Veteran Surviving Spouse Benefits and the Remarriage Rule

Veteran Surviving Spouse Benefits: Does Remarriage Cancel Your Benefits?

We’ve had a lot of comments and questions on one of recent spousal benefits videos, so I wanted to take this opportunity to provide a little refresher course. Everyone is concerned about their spouse if something happens to them — especially Veterans. Most Veterans feel like they’re going to be okay with the benefits they’re receiving, but they’re worried about their spouse.

To qualify for Veteran surviving spouse benefits, you have to be able to prove that you were the valid or deemed spouse of the Veteran at the time of the Veteran’s death. If you’re not the spouse at the time of the Veteran’s death, you’re not entitled to Veteran surviving spouse benefits. Furthermore, you must satisfy the following requirements:

1) You have to have been married to the Veteran for at least a year prior to his or her passing.

2) You have to have had continuous cohabitation with the Veteran during the marriage.

3) You can’t become remarried after the Veteran’s death.

These are the general rules to qualify for Veteran surviving spouse benefits, but there are exceptions to that third remarriage condition. As a general rule, divorce nullifies any possible Veteran surviving spouse benefits. But what about remarriage? Do you always lose your Veteran surviving spouse benefits if you remarry after the Veteran’s death? Below we’ll discuss a few exceptions that may apply to you.

Exception #1

Unlike the other exceptions listed below, this one is pretty simple. If the surviving spouse gets remarried after the Veteran’s death but the marriage is deemed void or annulled, then it’s as if the remarriage never existed. In this case, the spouse would be eligible for Veteran surviving spouse benefits. The important thing to remember here is that the marriage must be voided or annulled.

Exception #2

This second exception is very specific and I’ve never seen a case where this applies in my many years of helping Veterans. But it is possible and there is surely a reason this exception exists. This rule says that Veteran surviving spouse benefits may be available if the remarriage was terminated prior to 1990. This is a 32 year old law that is only going to be relevant in very limited cases.

This exception would only apply if the Veteran’s surviving spouse filed a claim for benefits prior to 1990, but the claim was never adjudicated. I find it really hard to believe that there is still a 32 year old claim pending. But if that’s the case, this older law would be relevant. You could use this law to challenge the VA and say it was perfectly fine for you to be remarried because you were still waiting on your claim to process.

Under the current law, the surviving spouse is only eligible for Veteran surviving spouse benefits if the remarriage ended (exception #1). This law provides that the surviving spouse may be eligible for Disability Indemnity Compensation (DIC) or have DIC reinstated if the remarriage ended in divorce, annulment, dissolution, or death of the second spouse. Also if you were never legally remarried and were just cohabitating, you would still be eligible for Veteran surviving spouse benefits.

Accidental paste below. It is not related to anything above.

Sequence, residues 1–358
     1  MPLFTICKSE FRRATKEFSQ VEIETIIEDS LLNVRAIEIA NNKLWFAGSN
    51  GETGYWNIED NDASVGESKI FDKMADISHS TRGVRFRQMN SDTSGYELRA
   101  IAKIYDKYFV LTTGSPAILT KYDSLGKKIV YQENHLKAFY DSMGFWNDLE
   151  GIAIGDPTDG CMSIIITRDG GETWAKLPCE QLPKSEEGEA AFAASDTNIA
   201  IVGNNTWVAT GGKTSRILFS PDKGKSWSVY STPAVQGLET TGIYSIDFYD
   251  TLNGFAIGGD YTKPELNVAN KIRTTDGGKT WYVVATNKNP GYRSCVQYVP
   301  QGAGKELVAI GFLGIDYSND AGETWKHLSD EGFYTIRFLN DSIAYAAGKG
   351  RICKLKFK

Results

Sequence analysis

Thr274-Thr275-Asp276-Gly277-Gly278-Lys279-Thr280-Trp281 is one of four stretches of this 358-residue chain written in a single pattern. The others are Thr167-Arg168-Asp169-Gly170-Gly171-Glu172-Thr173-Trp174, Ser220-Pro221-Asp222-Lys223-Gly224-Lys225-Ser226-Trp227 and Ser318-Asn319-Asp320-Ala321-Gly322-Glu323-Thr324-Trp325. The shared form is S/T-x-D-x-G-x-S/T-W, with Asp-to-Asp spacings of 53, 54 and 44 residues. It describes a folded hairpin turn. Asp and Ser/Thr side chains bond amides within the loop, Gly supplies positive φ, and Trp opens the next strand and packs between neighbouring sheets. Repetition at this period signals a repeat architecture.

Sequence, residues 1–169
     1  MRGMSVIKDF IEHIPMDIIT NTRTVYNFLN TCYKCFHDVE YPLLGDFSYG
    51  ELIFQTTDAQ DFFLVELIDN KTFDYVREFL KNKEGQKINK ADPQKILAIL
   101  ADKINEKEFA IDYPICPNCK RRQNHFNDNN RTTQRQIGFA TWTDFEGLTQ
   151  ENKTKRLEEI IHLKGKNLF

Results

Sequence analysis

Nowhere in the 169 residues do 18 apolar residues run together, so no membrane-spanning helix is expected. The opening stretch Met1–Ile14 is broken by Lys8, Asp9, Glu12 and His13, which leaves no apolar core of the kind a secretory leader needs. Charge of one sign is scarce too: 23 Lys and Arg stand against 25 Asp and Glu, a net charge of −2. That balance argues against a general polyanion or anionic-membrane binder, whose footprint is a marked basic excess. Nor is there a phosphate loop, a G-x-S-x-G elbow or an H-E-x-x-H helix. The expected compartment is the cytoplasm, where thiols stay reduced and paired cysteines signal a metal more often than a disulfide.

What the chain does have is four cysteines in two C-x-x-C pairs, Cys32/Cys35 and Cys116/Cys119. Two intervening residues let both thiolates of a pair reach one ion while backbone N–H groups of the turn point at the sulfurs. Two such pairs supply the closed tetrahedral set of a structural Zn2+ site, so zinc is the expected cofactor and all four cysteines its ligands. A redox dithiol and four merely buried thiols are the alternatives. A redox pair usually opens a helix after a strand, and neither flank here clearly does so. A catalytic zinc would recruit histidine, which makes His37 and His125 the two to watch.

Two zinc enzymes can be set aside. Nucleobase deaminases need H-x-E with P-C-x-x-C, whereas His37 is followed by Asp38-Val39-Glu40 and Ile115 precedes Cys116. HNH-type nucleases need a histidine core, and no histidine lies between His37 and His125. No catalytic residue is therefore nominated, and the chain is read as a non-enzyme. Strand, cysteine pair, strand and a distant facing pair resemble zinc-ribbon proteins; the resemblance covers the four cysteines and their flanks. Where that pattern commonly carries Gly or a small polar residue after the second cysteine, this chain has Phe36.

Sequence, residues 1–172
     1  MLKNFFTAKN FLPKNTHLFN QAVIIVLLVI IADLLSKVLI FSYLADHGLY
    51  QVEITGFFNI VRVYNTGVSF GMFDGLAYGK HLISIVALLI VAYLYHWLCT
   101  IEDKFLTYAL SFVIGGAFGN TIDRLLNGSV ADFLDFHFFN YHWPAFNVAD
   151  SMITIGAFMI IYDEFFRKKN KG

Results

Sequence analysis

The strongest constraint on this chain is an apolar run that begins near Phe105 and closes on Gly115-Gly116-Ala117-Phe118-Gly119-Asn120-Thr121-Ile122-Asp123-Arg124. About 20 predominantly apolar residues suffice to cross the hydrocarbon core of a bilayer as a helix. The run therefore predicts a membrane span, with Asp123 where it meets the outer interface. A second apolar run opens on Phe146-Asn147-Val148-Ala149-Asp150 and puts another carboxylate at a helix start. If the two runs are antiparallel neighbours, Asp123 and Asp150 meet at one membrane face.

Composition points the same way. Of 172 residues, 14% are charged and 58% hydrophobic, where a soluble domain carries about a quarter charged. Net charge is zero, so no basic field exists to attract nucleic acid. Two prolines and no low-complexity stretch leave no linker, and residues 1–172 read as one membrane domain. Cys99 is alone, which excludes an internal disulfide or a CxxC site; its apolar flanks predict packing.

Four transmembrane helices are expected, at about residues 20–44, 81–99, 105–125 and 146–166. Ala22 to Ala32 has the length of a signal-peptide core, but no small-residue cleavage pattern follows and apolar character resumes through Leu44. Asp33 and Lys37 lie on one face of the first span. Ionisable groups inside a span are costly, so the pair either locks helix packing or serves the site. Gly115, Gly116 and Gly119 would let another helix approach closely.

But because of the effective date provisions of this law, no surviving spouse that qualifies can obtain retroactive DIC earlier than 1998. So if you had filed for benefits and this exception applied, you can’t receive retroactive benefits prior to October 1, 1998. In addition to DIC, the surviving spouse could be eligible for CHAMPVA, Dependent Educational Assistance (DEA), and VA home loans.

Exception #3

The third exception to the remarriage rule is even more specific than the second exception. If the surviving spouse is at least 57 years old when they remarried, they may still qualify for Veteran surviving spouse benefits. Remarriage had to be on or after December 16, 2003 and the claim for benefits must have been pending or filed on or after January 1, 2004. You can now see just how narrow this exception is. It only covers spouses who remarried after turning 57 and whose claim is still pending.

Remarriage doesn’t have to be terminated for these spouses to be eligible for Veteran surviving spouse benefits. They can remain remarried and are still entitled to benefits based upon their earlier marriage to the Veteran. Benefits they could receive include Disability Indemnity Compensation (DIC), CHAMPVA, VA home loans, Aid & Attendance (VA Pension), and Dependent Educational Assistance (DEA).

Contact Us So We Can Help!

These exceptions for Veteran surviving spouse benefits can be quite complicated. The general rule is that remarriage cancels any surviving spouse benefits, but there are always exceptions that may apply. If you are the surviving spouse of a Veteran and are worried about an impending marriage canceling your benefits, please contact us so we can help. You can complete this form or give us a call at (229) 226-8183. You can also send us an email to [email protected].

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